Organizations shouldn’t focus too heavily on the trends that are garnering the most attention. By focusing on only the most hyped trends, they may miss out on the significant value potential of other technologies and hinder the chance for purposeful capability building. Instead, companies seeking longer-term growth should focus on a portfolio-oriented investment across the tech trends most important to their business. Technologies such as cloud and edge computing and the future of bioengineering have shown steady increases in innovation and continue to have expanded use cases across industries. In fact, more than 400 edge use cases across various industries have been identified, and edge computing is projected to win double-digit growth globally over the next five years. Additionally, nascent technologies, such as quantum, continue to evolve and show significant potential for value creation. Our updated analysis for 2023 shows that the four industries likely to see the earliest economic impact from quantum computing—automotive, chemicals, financial services, and life sciences—stand to potentially gain up to $1.3 trillion in value by 2035. By carefully assessing the evolving landscape and considering a balanced approach, businesses can capitalize on both established and emerging technologies to propel innovation and achieve sustainable growth.
Tech talent dynamics
We can’t overstate the importance of talent as a key source in developing a competitive edge. A lack of talent is a top issue constraining growth. There’s a wide gap between the demand for people with the skills needed to capture value from the tech trends and available talent: our survey of 3.5 million job postings in these tech trends found that many of the skills in greatest demand have less than half as many qualified practitioners per posting as the global average. Companies should be on top of the talent market, ready to respond to notable shifts and to deliver a strong value proposition to the technologists they hope to hire and retain. For instance, recent layoffs in the tech sector may present a silver lining for other industries that have struggled to win the attention of attractive candidates and retain senior tech talent. In addition, some of these technologies will accelerate the pace of workforce transformation. In the coming decade, 20 to 30 percent of the time that workers spend on the job could be transformed by automation technologies, leading to significant shifts in the skills required to be successful. And companies should continue to look at how they can adjust roles or upskill individuals to meet their tailored job requirements. Job postings in fields related to tech trends grew at a very healthy 15 percent between 2021 and 2022, even though global job postings overall decreased by 13 percent. Applied AI and next-generation software development together posted nearly one million jobs between 2018 and 2022. Next-generation software development saw the most significant growth in number of jobs (exhibit).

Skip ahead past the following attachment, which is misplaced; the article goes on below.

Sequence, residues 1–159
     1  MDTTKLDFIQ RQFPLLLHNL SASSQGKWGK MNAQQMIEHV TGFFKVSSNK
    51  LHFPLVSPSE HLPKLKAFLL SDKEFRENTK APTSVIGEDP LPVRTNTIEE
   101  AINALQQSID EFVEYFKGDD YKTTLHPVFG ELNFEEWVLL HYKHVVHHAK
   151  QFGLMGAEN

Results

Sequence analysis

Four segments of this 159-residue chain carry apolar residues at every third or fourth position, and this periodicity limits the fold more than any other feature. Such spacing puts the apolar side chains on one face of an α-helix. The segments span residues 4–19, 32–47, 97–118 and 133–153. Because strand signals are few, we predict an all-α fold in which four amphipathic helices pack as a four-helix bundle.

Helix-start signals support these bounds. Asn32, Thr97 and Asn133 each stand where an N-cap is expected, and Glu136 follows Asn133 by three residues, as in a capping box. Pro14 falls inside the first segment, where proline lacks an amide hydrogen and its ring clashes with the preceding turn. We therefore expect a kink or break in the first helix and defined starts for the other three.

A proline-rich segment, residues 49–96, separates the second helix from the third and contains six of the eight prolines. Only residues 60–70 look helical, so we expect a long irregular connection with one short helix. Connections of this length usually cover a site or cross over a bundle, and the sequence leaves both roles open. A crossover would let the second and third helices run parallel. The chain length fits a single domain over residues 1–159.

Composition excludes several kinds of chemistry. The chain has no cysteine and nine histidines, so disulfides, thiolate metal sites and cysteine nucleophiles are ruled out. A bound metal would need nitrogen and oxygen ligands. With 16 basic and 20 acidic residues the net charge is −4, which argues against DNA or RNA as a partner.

Small multiples of 15 slope charts show the number of job postings in different fields related to tech trends from 2021 to 2022. Overall growth of all fields combined was about 400,000 jobs, with applied AI having the most job postings in 2022 and experiencing a 6% increase from 2021. Next-generation software development had the second-highest number of job postings in 2022 and had 29% growth from 2021. Other categories shown, from most job postings to least in 2022, are as follows: cloud and edge computing, trust architecture and digital identity, future of mobility, electrification and renewables, climate tech beyond electrification and renewables, advanced connectivity, immersive-reality technologies, industrializing machine learning, Web3, future of bioengineering, future of space technologies, generative AI, and quantum technologies.
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This bright outlook for practitioners in most fields highlights the challenge facing employers who are struggling to find enough talent to keep up with their demands. The shortage of qualified talent has been a persistent limiting factor in the growth of many high-tech fields, including AI, quantum technologies, space technologies, and electrification and renewables. The talent crunch is particularly pronounced for trends such as cloud computing and industrializing machine learning, which are required across most industries. It’s also a major challenge in areas that employ highly specialized professionals, such as the future of mobility and quantum computing (see interactive).